Monday, October 5, 2015

Size 12 and Ready to Rock by Meg Cabot

Rating: WARTY!

This is evidently volume 4 in a series, which I once again jumped into not realizing. There was nothing on the audio case to indicate it was mid series. I'm not a fan of series unless they're well done. I liked the title of this one. The problem was in the writing. The audio CD started out with music, which I have encountered frequently on audio CDs, and which I have never understood. The author's original typescript typically contains no music in my experience so whence the impetus to lard up the CD version with it - because CDs first were produced as a vehicle for music distribution? Seriously, that's your 'irrationale'? The reading by Sandy Rustin wasn't very good either.

That was the first problem, but fortunately it was brief, since I skipped the track entirely and landed, amazingly, at chapter one. Unfortunately, then I had what I took to be poetry, but later learned were songs Meg Cabot had 'composed' larding up the start of each chapter. I skipped these. No diva in 2012 is going anywhere up the charts with lyrics like those. The story is of a size twelve young woman who is in charge of one of the residence halls at a university. It's the summer, but there are people in residence for one reason or another, and the story opens with the main character being shot - by a paintball. The author milks this for all it's worth trying to make it sound like it was a real bullet, but failing to make it convincing. No one who is shot could continue to narrate in the smart-assed and sassy fashion this narrator does, so my good will was lost right there.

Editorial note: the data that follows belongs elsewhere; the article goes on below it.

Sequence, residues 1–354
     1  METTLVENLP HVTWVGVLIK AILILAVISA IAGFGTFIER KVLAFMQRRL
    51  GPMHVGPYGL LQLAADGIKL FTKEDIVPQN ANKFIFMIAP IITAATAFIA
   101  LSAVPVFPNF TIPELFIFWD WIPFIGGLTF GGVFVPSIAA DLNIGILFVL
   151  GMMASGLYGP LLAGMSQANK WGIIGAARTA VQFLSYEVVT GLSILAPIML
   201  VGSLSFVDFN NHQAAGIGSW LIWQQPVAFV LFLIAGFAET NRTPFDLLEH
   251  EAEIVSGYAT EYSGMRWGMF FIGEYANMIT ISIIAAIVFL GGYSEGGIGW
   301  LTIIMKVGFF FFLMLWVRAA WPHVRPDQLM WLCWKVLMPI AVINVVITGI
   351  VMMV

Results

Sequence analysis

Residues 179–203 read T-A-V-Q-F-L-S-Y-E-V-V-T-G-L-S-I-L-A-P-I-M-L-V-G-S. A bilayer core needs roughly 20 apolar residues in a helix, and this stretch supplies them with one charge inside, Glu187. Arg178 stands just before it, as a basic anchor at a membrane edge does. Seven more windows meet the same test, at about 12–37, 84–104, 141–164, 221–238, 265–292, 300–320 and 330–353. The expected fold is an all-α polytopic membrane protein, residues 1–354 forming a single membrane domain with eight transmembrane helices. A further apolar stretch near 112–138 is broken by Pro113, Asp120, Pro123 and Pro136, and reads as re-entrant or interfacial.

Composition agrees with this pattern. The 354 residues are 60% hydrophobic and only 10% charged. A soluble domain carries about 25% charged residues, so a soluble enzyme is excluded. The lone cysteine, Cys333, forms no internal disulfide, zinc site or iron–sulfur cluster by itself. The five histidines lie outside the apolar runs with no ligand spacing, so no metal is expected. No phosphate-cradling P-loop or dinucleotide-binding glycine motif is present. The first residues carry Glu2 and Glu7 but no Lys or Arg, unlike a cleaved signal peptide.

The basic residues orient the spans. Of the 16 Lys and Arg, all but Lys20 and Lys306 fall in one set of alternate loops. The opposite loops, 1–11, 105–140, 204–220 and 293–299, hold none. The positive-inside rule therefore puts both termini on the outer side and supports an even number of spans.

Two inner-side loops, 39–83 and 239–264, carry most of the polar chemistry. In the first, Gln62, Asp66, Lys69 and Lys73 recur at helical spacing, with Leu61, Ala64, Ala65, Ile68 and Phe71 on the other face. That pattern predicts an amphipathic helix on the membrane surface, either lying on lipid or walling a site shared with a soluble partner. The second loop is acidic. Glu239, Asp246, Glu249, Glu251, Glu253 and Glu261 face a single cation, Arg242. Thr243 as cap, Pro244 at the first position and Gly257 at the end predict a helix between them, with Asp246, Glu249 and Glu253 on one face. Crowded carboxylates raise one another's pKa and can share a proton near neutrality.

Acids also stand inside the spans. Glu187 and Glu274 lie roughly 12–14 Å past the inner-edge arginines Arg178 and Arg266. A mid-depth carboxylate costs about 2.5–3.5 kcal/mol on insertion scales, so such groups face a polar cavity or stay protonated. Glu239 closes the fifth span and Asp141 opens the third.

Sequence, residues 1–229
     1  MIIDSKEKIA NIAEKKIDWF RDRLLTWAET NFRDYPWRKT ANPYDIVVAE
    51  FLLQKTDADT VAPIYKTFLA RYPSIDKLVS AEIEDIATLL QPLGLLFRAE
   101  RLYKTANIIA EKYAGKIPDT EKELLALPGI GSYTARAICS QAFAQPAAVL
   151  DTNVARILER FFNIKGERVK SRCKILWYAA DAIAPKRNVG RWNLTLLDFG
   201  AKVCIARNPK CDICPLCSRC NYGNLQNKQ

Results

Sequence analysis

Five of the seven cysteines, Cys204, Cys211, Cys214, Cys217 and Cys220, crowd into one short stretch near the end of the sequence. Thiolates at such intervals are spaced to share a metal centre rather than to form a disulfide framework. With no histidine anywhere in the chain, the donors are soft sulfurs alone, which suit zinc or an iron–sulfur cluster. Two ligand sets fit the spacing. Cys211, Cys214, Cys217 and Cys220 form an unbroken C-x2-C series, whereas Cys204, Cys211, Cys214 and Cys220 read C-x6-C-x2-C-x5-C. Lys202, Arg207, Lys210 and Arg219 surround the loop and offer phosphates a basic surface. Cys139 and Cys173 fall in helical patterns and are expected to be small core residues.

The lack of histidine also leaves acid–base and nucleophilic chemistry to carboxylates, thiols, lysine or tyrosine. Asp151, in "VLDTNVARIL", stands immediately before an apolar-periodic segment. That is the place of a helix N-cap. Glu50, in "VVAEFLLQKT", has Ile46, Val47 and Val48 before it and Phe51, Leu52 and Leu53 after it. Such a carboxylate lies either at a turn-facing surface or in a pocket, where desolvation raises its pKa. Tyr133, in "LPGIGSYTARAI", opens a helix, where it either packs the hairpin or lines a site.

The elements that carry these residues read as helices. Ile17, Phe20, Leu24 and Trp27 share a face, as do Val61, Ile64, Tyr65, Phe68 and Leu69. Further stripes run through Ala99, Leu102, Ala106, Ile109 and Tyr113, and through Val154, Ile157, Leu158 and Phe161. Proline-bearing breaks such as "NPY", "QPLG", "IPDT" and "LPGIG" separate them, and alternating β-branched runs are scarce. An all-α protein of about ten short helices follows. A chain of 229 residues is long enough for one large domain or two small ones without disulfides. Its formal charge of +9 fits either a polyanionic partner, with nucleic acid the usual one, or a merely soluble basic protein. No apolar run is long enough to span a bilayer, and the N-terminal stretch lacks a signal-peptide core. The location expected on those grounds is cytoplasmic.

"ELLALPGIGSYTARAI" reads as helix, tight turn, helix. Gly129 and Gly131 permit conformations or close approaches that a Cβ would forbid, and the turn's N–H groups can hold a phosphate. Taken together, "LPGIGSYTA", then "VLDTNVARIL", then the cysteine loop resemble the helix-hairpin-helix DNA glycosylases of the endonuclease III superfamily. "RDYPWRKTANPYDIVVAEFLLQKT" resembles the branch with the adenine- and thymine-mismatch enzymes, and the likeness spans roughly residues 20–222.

The entire story quickly devolved into university administrative procedures and meetings, and I asked myself what I was doing even pretending to listen to this tedious nonsense. Maybe if you're invested in the series, you can swallow this better than I did, I who came into it in progress, and didn't even miss the previous volumes. I couldn't get into it, and I had no interest in pursuing this story. According to other reviewers, the murder mystery doesn't even begin until half the book is taken-up with filler, and having jumped to the last disk to listen to that as I was driving to return this to the library that same day I started listening to it, I realized that this was written like a bad movie horror B picture - the killer miraculously escaping, only to pop-up later and threaten the main character. The final showdown was a tour-de-force in awful and I won't recommend this kind of writing. I'm done with Meg Cabot now.

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